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Sprawling universities pose security challenges

By DONNA WINCHESTER, TOM MARSHALL and RON MATUS
Published April 17, 2007


Two students embrace on the campus of Virginia Tech one day after 23-year-old Cho Seung-Hui, inset, carried out a massacre that left 33 dead.
photo
[AP photos]
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Florida State University did the drill as recently as last summer.

With some students acting as victims and one playing the role of aggressor, school staffers put out the call that an "active shooter" was on the loose in a residence hall.

Campus police responded, secured the campus and took down the shooter. When the smoke from firecrackers and smoke bombs cleared, all the students were safe.

Would the story have the same ending if what occurred Monday on the Virginia Tech campus took place at FSU?

"Knowing what we know today about this incident, I'm very proud to say we wouldn't change anything," FSU police Chief David Perry said. "We would refer back to that exercise and use the processes we already have in place."

But, Perry acknowledged, successfully carrying out such a plan in a real-life situation is difficult on a college campus, especially a large urban one like FSU.

"It takes a good working relationship with our law enforcement partners in the city and county and with our campus community partners as well," Perry said.

Campus police departments throughout the country likely will be re-evaluating their response plans in the aftermath of the Virginia Tech shootings.

Those response plans have been evolving since the Sept. 11, 2001, terrorist attacks and the deadly 1999 school shootings at Columbine High School in Colorado. All kinds of agencies and institutions -- including Florida's colleges and universities -- have put more thought into handling the unthinkable.

And yet, Florida's higher education institutions remain far from immune to what happened Monday at Virginia Tech, some officials here say.

Emergency response is "not an issue taken lightly at campuses," said Bill Edmonds, spokesman for the Florida Board of Governors, which oversees the state university system. "But at the same time, you can't plan for every possible whatever."

Universities often sit on hundreds of acres, with miles of unpatrolled boundaries. Classroom and administration buildings are usually open to the public. And ask any pizza delivery person how easy it is to get inside a typical dorm.

The University of South Florida in Tampa has trained a 40-person police force to carry out "active shooter intervention," said Lt. Meg Ross, spokeswoman for the USF Police Department.

How the officers would respond to a particular situation would depend on the facts on the ground, Ross said. Ordering an immediate lockdown of all campus buildings might sound like an easy call, but if the location of the gunman is unknown, the end result might be locking the attacker in with his victims.

Chief Michael Zelanes of the University of Central Florida Police Department agreed that completely sealing off a large college campus during a shooting isn't practical. And while students have swipe cards to enter dormitories, Zelanes said, such security measures can easily be bypassed by a determined intruder.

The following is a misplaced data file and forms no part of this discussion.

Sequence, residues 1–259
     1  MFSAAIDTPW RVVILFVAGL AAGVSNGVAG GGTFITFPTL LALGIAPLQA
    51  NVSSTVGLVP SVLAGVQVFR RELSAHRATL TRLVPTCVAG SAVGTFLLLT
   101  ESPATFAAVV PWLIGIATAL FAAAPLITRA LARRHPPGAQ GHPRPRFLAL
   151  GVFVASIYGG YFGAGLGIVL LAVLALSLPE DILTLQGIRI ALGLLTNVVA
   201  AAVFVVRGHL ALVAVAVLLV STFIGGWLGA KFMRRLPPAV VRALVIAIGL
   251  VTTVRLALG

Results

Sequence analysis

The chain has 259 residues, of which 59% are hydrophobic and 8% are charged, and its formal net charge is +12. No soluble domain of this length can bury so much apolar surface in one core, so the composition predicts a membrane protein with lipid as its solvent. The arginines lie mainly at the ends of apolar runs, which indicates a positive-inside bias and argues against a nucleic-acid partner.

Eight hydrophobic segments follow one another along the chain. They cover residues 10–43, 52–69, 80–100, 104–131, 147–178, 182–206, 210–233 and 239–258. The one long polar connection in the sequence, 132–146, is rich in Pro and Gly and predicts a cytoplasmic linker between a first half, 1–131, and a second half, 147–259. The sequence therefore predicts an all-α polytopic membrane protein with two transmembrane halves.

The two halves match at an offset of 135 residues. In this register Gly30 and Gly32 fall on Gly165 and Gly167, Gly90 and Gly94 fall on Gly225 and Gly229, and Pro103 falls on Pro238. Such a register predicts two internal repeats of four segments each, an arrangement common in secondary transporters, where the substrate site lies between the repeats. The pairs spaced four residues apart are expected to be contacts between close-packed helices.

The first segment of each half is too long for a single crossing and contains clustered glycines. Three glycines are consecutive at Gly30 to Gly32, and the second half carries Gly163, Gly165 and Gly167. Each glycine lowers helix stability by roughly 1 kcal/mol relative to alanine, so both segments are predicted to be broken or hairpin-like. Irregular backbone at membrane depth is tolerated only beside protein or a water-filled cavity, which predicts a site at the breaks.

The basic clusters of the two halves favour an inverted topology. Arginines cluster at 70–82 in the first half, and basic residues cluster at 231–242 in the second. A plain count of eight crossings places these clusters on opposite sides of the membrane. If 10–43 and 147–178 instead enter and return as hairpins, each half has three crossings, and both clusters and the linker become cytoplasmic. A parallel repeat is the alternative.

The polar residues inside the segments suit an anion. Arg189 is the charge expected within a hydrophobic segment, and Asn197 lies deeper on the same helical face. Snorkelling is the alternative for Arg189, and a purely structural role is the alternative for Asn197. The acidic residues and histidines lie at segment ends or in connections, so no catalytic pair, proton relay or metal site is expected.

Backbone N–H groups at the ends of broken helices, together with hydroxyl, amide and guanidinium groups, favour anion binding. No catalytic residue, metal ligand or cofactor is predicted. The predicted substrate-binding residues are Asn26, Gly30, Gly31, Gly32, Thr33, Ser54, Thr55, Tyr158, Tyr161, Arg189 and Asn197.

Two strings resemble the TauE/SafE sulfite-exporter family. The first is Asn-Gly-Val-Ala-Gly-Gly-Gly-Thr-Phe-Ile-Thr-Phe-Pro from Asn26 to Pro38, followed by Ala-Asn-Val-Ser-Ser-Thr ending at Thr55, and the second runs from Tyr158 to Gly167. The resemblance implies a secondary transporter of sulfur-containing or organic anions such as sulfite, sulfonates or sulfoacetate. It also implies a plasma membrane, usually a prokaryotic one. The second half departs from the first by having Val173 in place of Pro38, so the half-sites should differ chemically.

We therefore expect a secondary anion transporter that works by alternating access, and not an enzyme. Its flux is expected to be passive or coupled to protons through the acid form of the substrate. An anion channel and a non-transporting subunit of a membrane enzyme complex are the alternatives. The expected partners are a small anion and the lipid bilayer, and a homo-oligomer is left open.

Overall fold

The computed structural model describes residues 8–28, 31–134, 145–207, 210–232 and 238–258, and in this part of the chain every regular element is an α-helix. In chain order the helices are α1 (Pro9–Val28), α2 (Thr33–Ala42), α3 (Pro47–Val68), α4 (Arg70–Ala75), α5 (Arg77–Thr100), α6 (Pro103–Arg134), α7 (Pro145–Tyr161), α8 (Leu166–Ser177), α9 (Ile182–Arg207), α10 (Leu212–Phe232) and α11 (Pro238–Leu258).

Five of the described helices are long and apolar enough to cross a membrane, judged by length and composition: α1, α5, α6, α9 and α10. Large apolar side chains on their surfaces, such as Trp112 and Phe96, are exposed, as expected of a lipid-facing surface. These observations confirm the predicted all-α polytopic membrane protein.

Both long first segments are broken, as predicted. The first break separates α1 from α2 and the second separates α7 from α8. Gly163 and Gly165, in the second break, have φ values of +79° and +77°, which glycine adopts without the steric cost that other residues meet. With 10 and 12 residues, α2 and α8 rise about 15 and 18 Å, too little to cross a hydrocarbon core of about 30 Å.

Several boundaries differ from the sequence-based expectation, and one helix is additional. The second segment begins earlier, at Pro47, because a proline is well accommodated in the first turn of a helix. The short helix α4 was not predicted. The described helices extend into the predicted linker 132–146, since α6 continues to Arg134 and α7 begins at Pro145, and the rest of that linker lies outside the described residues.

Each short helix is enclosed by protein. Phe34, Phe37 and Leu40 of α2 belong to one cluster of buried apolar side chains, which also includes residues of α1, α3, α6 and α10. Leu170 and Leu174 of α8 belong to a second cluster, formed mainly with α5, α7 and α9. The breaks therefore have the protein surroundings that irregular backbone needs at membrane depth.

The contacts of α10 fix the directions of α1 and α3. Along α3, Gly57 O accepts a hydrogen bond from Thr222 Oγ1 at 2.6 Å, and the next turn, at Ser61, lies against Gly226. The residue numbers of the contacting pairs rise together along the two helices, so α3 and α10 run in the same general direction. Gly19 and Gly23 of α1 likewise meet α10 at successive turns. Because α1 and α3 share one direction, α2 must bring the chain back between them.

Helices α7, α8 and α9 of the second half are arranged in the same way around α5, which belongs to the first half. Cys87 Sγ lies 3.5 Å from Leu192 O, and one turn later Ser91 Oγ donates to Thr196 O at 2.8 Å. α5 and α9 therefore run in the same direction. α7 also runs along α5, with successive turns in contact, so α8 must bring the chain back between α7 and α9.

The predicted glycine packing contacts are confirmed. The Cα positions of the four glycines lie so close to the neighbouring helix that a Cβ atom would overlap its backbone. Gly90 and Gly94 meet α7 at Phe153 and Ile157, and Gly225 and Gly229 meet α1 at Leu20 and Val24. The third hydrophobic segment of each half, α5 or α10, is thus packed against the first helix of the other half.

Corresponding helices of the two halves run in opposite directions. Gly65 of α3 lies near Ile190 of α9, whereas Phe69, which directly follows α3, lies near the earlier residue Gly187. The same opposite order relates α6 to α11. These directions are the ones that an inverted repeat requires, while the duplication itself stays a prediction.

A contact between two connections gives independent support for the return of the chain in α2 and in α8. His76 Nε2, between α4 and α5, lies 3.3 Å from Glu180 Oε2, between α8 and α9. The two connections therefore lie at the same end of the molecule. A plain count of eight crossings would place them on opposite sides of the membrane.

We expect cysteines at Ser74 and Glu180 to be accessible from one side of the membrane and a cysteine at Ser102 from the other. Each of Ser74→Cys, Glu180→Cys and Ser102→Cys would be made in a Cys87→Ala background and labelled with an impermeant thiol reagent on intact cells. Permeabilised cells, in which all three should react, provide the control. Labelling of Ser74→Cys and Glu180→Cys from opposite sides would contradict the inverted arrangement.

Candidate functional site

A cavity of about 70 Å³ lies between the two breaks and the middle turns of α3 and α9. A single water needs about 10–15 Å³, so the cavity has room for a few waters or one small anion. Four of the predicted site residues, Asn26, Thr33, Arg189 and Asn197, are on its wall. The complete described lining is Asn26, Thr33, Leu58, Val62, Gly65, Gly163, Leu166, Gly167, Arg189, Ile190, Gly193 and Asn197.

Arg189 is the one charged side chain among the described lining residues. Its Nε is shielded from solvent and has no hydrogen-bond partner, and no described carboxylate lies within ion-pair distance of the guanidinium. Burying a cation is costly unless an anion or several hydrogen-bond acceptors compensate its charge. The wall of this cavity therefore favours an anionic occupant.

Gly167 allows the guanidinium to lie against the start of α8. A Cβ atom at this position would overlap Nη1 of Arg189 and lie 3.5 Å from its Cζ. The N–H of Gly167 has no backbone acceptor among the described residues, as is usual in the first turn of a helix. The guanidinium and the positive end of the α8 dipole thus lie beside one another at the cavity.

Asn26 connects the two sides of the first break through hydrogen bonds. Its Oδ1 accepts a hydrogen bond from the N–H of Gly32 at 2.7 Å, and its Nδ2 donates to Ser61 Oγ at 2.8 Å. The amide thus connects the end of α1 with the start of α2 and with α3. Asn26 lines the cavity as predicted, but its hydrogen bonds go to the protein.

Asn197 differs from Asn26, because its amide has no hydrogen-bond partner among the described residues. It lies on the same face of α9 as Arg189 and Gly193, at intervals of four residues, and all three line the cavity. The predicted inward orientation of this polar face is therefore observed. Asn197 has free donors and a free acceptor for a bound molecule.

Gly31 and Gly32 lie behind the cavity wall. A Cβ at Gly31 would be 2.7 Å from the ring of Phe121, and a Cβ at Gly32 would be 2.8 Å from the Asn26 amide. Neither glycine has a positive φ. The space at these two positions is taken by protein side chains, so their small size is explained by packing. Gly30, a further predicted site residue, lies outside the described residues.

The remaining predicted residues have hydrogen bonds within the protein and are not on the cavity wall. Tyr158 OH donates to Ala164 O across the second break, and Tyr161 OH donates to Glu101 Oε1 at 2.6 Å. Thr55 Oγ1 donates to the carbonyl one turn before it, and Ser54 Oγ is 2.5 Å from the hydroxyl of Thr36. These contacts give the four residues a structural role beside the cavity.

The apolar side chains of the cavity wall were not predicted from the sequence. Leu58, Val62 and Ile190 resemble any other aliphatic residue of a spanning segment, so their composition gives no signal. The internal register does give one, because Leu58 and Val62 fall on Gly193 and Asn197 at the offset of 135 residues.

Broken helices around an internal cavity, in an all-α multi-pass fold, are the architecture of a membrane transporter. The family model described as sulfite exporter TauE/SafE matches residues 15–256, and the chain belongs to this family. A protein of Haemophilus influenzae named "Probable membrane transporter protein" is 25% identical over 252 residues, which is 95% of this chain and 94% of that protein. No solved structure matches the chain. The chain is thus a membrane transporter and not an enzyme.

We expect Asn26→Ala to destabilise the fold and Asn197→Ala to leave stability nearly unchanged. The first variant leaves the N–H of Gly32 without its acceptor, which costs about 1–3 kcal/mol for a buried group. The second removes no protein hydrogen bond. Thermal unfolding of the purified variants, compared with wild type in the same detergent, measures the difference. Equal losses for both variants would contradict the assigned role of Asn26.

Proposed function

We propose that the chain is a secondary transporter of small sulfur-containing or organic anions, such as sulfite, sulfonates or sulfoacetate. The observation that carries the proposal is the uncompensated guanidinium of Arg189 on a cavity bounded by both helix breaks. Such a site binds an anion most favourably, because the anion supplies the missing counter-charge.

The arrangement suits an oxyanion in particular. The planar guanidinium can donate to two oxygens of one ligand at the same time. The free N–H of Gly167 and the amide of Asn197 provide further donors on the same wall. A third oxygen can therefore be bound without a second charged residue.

"It isn't hard," he said. "All you have to do is wait until someone comes out."

If an emergency arose at the University of Florida, campus police would immediately send an officer to the area to minimize the threat to students and staffers, said Lt. Mitch Welsh. Depending on the scale of the emergency, officers would call in other university staffers to assist.

"It's a fluid situation with an active shooter, and things change quickly," Welsh said. "Part of our training program includes instructing our officers in the quickest routes into and out of certain areas."

Each time an incident such as Monday's shootings occurs, Welsh said, his officers study it to make their plan more effective.

"This is something you train for, but you pray you never see," Welsh said.

Most university officials agree that while police response is critical, communication is key.

USF has an instant messaging system that informs students about things such as upcoming concerts and parking crunches, but it could be used to inform them about campus crises, said Jennifer Capeheart-Meningall, the vice president for student affairs.

Currently, several thousand students are registered to use the system. But in light of Monday's tragedy, "we will begin to discuss whether to expand it," she said.

UCF officials don't have the capability to send automated calls to every campus telephone, said Zelanes, the police chief. Students and staffers are told to report suspicious behavior to campus police and can be notified by campuswide e-mail in the event of an emergency, he said.

At UF, officials can communicate with students through e-mail. But with the advent of instant messaging and text messaging, they've begun to consider more up-to-date technology.

"One thing we've been looking at is a reverse 911 technique for notifying students in the event of an emergency," said UF spokesman Steve Orlando. "Students could be alerted using a prerecorded message that would call their cell phones to tell them there was a threat in their area.

"We'll probably speed that up now."

[Last modified April 17, 2007, 00:17:40]


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